Texas’ teaching hospitals are investing in multiple, in-depth strategies to support and retain their experienced nurses – a key element in solving Texas’ nurse workforce challenge. These strategies range from shared governance and telenursing to changing staffing models and using robots to handle more menial tasks, such as linen and medication delivery.

The University of Texas Medical Branch Angleton Danbury Campus rolled out use of two Moxi robots in March 2023 to support nurses, enabling them to spend 30 percent more time in direct patient care. UTMB Administrator and Associate Chief Nursing & Patient Care Services Officer at ADC Dr. Beth Reimschissel said, “it’s just a win all around. And in the end, it’s the patients who will see the most benefits.”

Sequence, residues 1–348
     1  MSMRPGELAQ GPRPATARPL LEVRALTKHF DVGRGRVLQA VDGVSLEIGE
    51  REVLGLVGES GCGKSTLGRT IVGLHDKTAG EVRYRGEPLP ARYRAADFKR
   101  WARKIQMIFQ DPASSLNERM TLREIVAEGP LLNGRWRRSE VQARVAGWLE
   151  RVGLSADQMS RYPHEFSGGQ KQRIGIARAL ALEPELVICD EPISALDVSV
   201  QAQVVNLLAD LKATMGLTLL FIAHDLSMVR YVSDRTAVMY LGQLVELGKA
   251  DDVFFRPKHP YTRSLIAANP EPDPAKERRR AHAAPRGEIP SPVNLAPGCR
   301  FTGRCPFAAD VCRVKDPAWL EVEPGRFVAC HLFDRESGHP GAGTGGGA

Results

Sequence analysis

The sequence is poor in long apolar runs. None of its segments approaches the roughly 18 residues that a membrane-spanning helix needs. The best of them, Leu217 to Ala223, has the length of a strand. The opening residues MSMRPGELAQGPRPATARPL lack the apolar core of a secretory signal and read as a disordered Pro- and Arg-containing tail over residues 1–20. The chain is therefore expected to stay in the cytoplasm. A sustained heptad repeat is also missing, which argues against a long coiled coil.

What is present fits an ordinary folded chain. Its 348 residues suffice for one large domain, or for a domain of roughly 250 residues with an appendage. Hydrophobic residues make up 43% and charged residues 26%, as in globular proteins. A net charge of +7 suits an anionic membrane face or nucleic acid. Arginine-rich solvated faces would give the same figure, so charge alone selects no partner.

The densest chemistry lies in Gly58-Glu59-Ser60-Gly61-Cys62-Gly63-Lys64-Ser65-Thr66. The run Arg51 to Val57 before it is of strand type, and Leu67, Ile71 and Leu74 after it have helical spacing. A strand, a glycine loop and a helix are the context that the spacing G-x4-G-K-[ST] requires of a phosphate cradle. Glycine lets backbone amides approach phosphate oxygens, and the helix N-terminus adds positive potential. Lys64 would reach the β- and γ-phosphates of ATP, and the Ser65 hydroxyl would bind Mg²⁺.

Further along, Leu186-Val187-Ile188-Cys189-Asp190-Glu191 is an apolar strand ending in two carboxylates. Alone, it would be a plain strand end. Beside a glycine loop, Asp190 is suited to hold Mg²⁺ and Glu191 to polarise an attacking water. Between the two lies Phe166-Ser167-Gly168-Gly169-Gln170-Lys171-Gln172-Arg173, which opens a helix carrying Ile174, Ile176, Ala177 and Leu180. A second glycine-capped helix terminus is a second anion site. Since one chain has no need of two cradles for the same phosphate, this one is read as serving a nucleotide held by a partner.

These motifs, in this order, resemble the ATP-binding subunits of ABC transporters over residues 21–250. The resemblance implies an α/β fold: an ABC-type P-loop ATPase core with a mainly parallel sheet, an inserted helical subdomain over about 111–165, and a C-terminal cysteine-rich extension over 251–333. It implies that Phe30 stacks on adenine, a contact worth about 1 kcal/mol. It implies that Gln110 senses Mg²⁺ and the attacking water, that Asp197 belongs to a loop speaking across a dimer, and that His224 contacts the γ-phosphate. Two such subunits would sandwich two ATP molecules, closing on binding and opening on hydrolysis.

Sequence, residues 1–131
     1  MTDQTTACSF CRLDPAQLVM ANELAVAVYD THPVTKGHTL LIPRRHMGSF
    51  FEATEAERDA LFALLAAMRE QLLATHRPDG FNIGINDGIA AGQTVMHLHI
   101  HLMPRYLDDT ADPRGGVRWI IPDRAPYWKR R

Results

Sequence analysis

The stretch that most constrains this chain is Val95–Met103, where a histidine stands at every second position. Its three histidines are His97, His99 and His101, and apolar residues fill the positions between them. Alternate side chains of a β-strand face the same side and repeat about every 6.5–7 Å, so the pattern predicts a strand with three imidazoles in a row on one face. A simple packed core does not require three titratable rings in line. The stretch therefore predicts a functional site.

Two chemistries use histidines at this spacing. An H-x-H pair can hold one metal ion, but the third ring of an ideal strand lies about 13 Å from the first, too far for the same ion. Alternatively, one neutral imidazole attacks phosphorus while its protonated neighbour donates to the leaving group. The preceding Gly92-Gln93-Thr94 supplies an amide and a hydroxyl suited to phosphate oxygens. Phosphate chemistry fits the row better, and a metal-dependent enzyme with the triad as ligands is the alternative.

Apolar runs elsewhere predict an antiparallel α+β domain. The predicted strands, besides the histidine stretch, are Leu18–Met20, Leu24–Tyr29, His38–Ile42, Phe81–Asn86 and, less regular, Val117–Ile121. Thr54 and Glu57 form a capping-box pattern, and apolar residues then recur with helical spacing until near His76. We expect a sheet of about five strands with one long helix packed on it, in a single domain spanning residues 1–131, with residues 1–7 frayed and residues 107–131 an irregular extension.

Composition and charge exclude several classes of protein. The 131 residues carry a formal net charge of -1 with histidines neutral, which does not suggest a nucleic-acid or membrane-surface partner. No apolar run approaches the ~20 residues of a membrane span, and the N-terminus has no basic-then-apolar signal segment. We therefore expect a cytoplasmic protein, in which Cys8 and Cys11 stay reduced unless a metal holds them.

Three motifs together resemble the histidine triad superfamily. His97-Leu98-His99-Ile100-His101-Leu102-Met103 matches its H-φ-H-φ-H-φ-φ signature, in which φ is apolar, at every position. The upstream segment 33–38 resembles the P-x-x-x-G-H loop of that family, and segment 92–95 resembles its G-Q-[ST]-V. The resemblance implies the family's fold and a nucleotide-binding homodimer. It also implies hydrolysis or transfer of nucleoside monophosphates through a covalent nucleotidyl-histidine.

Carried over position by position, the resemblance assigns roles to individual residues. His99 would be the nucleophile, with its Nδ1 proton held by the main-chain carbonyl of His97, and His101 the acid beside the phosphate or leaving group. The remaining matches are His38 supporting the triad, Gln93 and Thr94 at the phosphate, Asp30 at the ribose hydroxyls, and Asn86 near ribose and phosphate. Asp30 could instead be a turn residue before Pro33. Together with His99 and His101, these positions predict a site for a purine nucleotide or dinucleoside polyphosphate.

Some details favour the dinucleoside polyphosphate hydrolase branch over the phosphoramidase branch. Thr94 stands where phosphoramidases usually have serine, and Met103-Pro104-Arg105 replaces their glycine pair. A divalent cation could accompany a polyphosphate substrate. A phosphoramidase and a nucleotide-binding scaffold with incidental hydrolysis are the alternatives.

Filed this legislative session are two THOT-supported bills that would comprehensively address nursing education and retention, beyond growing the nursing student pipeline. Among the bills’ components, Senate Bill 2590 and House Bill 3930 would provide grants to hospitals to deploy innovations like the Moxi robots.

If passed, these bills will fill the missing piece in Texas’ nursing workforce funding strategy – investment in the clinical sites that educate nurses and that are deploying innovative delivery and operations models to retain, advance, and support existing nurses.

Listen to chief nursing officer Amy Daher, MSN, RN, NE-BC at UMC El Paso talk about what nursing innovation grants could support at her health system to alleviate nursing burdens and help retain their best-in-class nursing talent.

Read THOT’s comprehensive recommendations to address the nurse workforce shortage in Texas.

Read THOT president and CEO Maureen Milligan’s op-ed in the Austin-American Statesman on strategies needed to reverse the nurse shortage trend.